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Senate Democrats Are Defiant After Tax Vote Losses

Bill Clark/Roll Call
Sen. Charles Schumer and other Democrats are emerging from Saturday’s tax-cut votes energized, despite losing the votes.

“I think the president should draw a line in the sand, as he said many times in Iowa, when he campaigned, he was drawing the line at $250,000 and no more. And he should stick with that and use his veto pen if he has to,” Harkin said following the votes.

What the renewed resistance to a deal on extending all the tax cuts means for bipartisan negotiations remains unclear. The White House and Republicans are generally in agreement on the broad outlines of a deal, and it had been thought the talks would begin to center on what items, like unemployment insurance or the tax extenders package, the GOP was willing to give Democrats for their support.

But with talks on hold because of the Saturday votes, it is now unclear whether they will resume in the face of the stiff Democratic opposition declared after those votes.

While many Democrats, the White House and Republicans all believe the path forward on tax cuts runs through an agreement that extends all the cuts for two to three years, Democrats insisted they will eventually break through with the public and build enough support to break Republicans.

“We think pressure will continue to build on Republican Senators. ... We expect two, three, four, five, 10 Republicans to peel off because they don’t want to be on the wrong side of history,” Sen. Sherrod Brown (D-Ohio) said.

But Senate Republicans appeared unmoved and shrugged off Democratic threats to extract a political price from the GOP.

“We didn’t need the showboats today to make any progress on trying to solve this very, very significant issue of whether or not we’re going to raise taxes in the middle of a recession,” Senate Minority Leader Mitch McConnell (Ky.) told reporters Saturday.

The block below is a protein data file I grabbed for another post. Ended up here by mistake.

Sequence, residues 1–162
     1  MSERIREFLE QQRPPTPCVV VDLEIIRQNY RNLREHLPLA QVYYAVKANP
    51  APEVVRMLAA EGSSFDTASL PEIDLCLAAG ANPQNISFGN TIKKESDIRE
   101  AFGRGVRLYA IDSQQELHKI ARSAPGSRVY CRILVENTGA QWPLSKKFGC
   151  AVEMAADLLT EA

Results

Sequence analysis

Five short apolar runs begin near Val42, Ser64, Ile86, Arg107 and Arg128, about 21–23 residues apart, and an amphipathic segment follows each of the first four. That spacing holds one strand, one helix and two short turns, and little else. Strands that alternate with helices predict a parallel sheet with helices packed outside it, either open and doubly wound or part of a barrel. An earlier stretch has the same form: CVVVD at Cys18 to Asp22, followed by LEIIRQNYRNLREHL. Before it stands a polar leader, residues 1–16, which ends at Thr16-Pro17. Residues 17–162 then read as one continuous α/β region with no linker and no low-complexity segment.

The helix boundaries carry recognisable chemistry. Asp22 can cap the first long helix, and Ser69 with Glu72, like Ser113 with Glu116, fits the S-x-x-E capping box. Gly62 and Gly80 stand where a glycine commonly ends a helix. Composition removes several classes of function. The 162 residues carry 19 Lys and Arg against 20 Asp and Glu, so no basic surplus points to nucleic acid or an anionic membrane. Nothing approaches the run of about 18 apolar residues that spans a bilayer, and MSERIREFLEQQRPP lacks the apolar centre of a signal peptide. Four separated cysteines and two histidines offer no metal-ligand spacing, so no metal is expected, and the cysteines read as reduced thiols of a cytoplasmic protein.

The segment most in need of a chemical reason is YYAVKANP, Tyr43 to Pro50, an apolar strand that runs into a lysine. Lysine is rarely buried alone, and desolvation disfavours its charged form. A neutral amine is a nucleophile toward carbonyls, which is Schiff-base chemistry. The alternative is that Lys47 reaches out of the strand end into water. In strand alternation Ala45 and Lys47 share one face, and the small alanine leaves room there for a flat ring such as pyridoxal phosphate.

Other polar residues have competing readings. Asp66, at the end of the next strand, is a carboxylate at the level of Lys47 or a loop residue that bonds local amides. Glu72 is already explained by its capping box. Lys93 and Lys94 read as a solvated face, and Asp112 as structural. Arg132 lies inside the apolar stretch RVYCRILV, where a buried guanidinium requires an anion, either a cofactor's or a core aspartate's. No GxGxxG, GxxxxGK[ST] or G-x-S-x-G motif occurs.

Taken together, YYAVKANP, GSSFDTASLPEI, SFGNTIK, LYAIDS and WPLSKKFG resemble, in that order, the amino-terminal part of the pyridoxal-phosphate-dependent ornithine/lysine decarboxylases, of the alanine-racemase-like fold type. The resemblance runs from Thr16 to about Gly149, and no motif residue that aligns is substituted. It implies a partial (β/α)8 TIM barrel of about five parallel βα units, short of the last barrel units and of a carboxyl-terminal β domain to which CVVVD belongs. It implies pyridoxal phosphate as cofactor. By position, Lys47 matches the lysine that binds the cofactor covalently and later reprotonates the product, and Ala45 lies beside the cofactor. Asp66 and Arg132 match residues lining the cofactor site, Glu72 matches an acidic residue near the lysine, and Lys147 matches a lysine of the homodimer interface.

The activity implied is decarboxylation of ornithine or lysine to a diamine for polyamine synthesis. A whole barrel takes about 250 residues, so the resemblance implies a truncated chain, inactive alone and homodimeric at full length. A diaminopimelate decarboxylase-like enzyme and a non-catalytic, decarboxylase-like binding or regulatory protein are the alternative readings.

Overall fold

“In the meantime, discussions continue. I’m hopeful that we’ll be able to resolve this. I’m relatively confident that the end of this process will lead us to, I think, a very sensible position not to raise taxes on anybody,” he added.

The Minority Leader also appeared to confirm that negotiations are moving on dual tracks, with discussions involving Congressional GOP leaders and the highest levels of the White House, as well as a group of appointed House, Senate and administration negotiators.

“There are lots of talks going on,” McConnell said. “I think it’s a healthy sign.”

But on Friday, White House officials sought to tamp down reports of separate tax cut negotiations quietly going on between McConnell and the White House. Any discussions taking place outside of the bipartisan, bicameral group led by Treasury Secretary Timothy Geithner are just part of ongoing general talks, they said.

“There is one negotiating process that has six principle negotiators,” one official said.

David M. Drucker and Jennifer Bendery contributed to this report.

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